BloombergNEF expects up to 209 GW of new solar for this year


BloombergNEF has forecast that 2021 may become a record year for PV with over 200 GW of newly installed PV capacity.

In the latest 1Q 2021 Global PV Market Outlook, the analyst expects new PV additions for this year will range from 160 to 209 GW. For comparison, in 2020 and 2019, newly deployed solar had reached 135 and 118 GW, respectively.

Looking forward, BloombergNEF provides a conservative scenario and an optimistic one. Under the first scenario, new grid-connected PV systems are expected to total 160 GW this year and 163 and 179 MW in 2022 and 2023, respectively.

Under the second scenario, new PV additions are predicted to reach 209 GW this year and 221 and 240 GW in the following two years, respectively.

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BloombergNEF analysts believe that supply bottlenecks for glass and polysilicon will not hold the market back. “Most country solar markets will grow in 2021, particularly India, which has a large number of projects delayed from 2020, and China, which is expected to maintain growth to keep course for its 2060 net-zero target,” BloombergNEF explained.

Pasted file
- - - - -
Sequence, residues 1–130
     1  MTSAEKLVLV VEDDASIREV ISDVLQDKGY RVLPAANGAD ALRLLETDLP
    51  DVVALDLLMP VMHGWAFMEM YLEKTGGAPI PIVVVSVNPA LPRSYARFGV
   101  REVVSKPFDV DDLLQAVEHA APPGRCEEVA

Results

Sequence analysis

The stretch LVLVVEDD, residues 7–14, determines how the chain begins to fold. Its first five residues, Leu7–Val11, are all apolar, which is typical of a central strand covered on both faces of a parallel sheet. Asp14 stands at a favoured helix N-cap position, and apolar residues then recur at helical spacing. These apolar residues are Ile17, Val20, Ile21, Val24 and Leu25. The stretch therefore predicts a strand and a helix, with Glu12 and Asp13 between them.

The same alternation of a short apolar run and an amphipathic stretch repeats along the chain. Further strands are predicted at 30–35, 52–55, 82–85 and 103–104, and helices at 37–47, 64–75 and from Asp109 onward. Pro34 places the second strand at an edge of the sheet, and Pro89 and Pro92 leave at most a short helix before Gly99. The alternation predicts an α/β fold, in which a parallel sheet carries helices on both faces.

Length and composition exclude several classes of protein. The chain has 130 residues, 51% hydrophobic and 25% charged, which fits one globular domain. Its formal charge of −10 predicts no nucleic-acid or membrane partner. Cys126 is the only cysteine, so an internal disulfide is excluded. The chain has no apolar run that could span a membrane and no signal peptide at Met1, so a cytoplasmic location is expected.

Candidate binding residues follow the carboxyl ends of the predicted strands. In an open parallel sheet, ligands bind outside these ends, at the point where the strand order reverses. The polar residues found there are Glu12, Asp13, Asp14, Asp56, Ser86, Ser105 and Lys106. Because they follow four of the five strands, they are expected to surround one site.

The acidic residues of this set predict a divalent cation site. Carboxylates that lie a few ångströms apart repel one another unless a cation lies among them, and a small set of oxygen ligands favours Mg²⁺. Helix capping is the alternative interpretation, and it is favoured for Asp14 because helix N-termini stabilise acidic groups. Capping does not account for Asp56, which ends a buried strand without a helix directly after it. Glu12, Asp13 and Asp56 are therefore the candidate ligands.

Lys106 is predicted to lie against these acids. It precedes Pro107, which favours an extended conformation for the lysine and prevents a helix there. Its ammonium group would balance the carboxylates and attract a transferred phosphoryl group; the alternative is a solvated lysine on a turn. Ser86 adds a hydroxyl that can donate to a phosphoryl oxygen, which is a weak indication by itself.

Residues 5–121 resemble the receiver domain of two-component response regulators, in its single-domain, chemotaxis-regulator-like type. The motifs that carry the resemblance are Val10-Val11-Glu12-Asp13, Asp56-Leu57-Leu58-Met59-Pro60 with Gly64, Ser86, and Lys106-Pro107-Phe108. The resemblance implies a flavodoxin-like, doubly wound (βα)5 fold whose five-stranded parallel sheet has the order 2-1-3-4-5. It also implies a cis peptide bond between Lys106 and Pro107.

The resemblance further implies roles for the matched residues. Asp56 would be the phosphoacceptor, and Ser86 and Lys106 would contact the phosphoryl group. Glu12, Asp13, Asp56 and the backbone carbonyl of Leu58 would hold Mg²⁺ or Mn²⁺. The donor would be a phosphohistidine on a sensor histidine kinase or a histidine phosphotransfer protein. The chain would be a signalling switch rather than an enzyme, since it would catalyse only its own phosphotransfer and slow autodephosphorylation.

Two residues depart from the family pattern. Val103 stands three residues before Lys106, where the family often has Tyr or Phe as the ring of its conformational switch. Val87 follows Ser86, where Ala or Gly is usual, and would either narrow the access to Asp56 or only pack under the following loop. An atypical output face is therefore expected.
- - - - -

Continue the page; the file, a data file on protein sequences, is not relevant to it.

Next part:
BloombergNEF analysts believe that supply bottlenecks for glass and polysilicon will not hold the market back as new capacities for both products are gradually coming online to meet strong demand. “Along with expected new glass capacity, there should be adequate supply as new factories for glass and polysilicon come online, although polysilicon will be the bottleneck and prices will probably stabilize around $12/kg this year,” the analyst said. “There is plenty of module capacity and we expect prices to drop to about $0.19/W for standard modules, based on 166mm wafers, with larger-format modules commanding a premium in markets without punitive trade tariffs.”

A few weeks earlier, BloombergNEF chief analyst Jenny Chase had forecast that the world could add 151-194 GW of new solar generation capacity this year. The analyst also predicted a recovery of the supply of glass needed for solar panels would see average module prices fall a further $0.02/W, to $0.18/W, this year.

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